The Journey to the West has inspired countless adaptations across the centuries. As legend has it, Wu Cheng'en wrote this Chinese novel during the 16th century's Ming dynasty. Later the story became renowned as one of the Four Great Classical Novels of Chinese literature. The others are Water Margin, Romance of the Three Kingdoms, and Dream of the Red Chamber.
Modern versions of Journey to the West include the popular manga and anime Dragon Ball Z, created by Japan's prolific comics artist Akira Toriyama in 1984. As a little child, Goku starts off with a nice brown tail... but then it gets cut off! Ouch! A nice cartoon version of a boy's timeless rite of passage into adulthood, wouldn't you say? As a small consolation, at least in the future Goku gains a power that would put Clairol and many hairdressers out of business - our spiky headed hero enjoys free and instant hair coloring when he goes Super Saiyan.
In 2008, Hollywood was inspired. Lion's Gate got the bug with its Hong Kong flavored flick The Forbidden Kingdom. Here martial arts maven Jet Li transforms into old furry face himself to square off against the drunken master Jackie Chan. It's sort of the Asian cinematic equivalent of the Street Fighter IV but with better actors than Kylie Minogue and Jean Claude Van Damme.
In 2013 Kung Fu Hustle's Stephen Chow directed (but not starred) in a film aptly title Journey to the West. Therein the Buddhist hero undertakes the famed adventure by protecting a town from demons, falling in love with another fetching fighter, and searching for the fabled Mon-king.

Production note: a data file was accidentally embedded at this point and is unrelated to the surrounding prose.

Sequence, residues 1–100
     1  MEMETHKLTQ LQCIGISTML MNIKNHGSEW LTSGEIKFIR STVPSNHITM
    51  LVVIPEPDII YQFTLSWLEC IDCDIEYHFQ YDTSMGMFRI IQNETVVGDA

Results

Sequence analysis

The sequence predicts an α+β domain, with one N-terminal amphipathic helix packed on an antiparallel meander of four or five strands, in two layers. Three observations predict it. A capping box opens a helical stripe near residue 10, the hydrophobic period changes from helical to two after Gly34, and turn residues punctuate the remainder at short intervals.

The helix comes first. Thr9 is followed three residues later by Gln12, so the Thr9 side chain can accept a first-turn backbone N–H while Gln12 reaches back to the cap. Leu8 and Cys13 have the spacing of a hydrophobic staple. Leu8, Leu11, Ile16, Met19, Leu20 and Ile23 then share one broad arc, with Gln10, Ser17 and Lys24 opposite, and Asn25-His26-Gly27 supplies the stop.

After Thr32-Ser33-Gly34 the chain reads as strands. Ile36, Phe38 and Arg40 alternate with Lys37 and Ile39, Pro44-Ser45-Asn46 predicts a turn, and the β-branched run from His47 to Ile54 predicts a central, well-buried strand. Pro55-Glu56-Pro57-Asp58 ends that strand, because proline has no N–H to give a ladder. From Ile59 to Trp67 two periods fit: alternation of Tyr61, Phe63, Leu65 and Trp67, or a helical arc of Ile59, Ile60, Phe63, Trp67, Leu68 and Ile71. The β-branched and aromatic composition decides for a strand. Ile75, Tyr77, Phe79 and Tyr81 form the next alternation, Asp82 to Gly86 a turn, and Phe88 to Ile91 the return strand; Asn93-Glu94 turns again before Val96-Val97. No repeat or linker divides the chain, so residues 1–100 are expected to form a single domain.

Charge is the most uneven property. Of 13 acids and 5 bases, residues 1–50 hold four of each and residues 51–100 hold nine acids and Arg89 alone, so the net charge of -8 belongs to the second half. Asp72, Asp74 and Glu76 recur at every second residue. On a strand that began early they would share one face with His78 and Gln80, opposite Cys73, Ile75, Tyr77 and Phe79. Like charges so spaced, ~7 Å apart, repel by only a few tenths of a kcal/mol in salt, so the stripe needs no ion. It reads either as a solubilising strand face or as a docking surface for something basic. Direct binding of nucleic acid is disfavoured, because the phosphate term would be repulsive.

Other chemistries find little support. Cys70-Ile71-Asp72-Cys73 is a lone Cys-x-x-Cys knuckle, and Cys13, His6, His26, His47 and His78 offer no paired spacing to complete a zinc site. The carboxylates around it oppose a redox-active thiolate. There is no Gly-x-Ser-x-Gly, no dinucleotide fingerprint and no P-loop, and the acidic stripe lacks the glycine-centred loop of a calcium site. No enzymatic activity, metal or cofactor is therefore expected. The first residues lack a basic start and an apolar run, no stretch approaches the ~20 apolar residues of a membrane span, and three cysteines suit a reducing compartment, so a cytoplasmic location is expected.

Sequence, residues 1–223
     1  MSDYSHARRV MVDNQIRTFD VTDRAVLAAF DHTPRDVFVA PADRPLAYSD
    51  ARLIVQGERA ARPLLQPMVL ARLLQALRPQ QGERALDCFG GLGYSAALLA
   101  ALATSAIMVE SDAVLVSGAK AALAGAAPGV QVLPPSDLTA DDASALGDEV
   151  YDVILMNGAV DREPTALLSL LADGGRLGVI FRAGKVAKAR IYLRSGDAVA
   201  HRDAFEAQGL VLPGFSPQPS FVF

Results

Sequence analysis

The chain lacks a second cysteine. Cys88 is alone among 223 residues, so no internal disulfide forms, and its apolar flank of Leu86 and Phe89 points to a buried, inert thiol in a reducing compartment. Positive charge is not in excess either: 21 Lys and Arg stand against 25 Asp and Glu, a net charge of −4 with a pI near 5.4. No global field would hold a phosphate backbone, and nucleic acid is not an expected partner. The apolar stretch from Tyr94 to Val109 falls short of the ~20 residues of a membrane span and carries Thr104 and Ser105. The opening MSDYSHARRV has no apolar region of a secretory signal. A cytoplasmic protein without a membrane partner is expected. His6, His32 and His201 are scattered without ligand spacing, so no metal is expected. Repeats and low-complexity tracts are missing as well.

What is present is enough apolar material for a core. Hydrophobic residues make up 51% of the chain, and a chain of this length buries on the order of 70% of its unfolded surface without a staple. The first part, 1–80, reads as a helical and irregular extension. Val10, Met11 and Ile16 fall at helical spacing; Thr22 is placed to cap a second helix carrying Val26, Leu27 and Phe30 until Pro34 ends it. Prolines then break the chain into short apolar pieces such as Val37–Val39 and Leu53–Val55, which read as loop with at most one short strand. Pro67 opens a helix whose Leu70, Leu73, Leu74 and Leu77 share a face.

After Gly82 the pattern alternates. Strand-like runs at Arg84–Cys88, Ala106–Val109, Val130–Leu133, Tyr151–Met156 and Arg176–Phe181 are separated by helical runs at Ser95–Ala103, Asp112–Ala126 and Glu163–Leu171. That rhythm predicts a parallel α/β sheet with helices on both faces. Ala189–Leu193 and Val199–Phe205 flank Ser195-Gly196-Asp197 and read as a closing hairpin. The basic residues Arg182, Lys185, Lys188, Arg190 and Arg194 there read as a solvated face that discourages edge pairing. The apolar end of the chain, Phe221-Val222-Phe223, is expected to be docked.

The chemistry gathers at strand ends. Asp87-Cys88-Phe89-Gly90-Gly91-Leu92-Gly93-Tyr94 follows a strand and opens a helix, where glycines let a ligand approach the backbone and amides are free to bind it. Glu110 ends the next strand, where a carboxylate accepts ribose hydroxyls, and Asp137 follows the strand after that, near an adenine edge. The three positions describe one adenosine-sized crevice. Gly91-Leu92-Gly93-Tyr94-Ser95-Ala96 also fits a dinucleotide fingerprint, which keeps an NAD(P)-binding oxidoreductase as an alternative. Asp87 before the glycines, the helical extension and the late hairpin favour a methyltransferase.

Naturally, given the homegrown subject matter, this movie earned the most of any film in China in its first day (beating the Transformers: Dark of the Moon only to be bested by the Transformer's even more boffo sequel Age of Extinction in 2014). Soon Chow's Journey became the highest grossing Chinese-language motion picture ever. Poor Wu Cheng'en. If he only had Walt Disney's lawyers, then he'd still be earning royalties.
|Our first copy hot off the presses, nicely couched in the heavens.|
Well, we knew the upcoming turn of the calendar into 2016 (February 8th to be exact) would herald The Year of the Monkey.
What better way to commemorate this tradition (which has been celebrated for millennia) than to create a brand new character?
Max is the son of the legendary Monkey King and Monkey Queen!
Sure this tyke has a lot to live up to (don't we all)...but even the sky is the limit for Max! But like kids everywhere, Max is learning how to learn...as well as squeezing in as much fun as possible!
Amazingly illustrated by the DreamWorks animator Kenji Ono, The Year of the Monkey will inspire readers to fly high! We look forward to sharing this fabulous new 11th adventure in our series Tales from the Chinese Zodiac in the coming year.